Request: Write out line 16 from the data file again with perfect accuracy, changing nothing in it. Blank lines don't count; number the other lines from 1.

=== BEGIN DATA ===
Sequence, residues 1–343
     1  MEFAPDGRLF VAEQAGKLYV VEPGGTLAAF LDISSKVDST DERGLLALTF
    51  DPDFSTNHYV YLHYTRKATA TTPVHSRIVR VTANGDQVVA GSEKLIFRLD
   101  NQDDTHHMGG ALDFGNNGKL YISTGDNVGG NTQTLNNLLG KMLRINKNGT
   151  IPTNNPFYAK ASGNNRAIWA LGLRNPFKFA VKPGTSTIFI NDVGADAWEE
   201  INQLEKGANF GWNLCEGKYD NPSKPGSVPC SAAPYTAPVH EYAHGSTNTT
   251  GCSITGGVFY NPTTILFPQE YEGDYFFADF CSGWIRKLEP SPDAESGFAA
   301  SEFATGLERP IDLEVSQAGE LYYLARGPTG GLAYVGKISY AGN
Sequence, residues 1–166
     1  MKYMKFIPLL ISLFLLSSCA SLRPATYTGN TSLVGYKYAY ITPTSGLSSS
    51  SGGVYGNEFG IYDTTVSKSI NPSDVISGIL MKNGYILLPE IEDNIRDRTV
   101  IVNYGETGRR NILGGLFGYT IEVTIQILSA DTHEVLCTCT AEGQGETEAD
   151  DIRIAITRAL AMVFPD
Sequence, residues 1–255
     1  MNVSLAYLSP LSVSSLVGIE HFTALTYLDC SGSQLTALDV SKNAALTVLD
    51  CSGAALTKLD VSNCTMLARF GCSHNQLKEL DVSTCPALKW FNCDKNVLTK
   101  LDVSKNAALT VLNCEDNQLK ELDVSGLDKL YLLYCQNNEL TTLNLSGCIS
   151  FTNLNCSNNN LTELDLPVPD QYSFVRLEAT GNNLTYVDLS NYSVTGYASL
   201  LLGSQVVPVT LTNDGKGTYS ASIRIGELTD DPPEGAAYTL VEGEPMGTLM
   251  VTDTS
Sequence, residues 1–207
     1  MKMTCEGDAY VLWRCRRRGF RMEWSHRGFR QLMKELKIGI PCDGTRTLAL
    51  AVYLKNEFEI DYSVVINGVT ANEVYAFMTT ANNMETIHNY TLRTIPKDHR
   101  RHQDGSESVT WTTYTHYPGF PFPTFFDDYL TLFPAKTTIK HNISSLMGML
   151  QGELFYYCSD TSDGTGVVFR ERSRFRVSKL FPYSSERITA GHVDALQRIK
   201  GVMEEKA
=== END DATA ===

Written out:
    51  CSGAALTKLD VSNCTMLARF GCSHNQLKEL DVSTCPALKW FNCDKNVLTK